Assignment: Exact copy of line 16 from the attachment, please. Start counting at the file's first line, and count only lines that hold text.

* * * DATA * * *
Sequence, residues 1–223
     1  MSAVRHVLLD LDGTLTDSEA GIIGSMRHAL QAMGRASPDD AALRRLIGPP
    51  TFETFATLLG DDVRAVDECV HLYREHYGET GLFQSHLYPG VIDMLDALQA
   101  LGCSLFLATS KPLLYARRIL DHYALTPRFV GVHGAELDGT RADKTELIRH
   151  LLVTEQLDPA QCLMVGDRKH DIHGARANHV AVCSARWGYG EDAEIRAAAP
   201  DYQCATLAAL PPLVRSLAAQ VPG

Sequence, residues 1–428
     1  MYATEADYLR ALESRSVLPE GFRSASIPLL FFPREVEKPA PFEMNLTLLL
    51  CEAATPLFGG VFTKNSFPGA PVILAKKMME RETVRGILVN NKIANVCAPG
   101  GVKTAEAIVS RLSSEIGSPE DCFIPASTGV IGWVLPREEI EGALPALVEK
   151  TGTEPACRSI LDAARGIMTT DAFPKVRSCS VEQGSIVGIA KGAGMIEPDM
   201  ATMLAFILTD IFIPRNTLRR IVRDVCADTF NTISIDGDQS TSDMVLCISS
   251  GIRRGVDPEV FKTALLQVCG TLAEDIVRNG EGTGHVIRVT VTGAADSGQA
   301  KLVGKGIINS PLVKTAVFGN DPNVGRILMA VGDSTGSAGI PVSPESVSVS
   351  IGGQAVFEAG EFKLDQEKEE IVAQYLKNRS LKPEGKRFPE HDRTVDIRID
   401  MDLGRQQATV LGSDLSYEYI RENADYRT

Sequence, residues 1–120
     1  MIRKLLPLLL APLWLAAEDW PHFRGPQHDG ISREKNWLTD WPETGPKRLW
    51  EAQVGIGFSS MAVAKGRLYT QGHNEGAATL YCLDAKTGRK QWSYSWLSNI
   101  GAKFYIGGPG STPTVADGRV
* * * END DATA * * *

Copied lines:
   401  MDLGRQQATV LGSDLSYEYI RENADYRT